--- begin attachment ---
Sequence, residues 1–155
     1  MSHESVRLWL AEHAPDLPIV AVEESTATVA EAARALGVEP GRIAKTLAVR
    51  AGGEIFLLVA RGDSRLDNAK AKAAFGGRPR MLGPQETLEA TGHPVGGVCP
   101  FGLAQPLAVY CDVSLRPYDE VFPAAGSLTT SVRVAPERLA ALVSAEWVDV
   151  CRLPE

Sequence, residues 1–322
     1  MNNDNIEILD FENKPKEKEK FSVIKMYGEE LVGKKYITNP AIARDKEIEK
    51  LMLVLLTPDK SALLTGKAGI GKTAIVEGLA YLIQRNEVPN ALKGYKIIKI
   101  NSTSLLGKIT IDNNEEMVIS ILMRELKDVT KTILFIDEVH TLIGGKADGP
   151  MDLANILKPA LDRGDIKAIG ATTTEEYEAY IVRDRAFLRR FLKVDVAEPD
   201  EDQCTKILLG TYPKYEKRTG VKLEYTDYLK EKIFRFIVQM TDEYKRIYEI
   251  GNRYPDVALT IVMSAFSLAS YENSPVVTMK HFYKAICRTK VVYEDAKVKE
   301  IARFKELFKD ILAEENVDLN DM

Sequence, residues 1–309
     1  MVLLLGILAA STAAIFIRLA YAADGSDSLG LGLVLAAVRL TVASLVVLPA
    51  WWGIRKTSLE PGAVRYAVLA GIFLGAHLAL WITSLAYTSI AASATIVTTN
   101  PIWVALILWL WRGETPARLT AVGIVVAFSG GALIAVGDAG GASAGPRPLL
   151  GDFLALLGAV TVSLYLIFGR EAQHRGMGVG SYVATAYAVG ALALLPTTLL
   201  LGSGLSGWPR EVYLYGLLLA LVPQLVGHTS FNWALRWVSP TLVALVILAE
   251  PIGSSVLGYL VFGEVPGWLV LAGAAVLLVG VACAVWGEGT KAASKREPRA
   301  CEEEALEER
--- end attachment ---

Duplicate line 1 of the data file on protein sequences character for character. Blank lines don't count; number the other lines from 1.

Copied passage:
Sequence, residues 1–155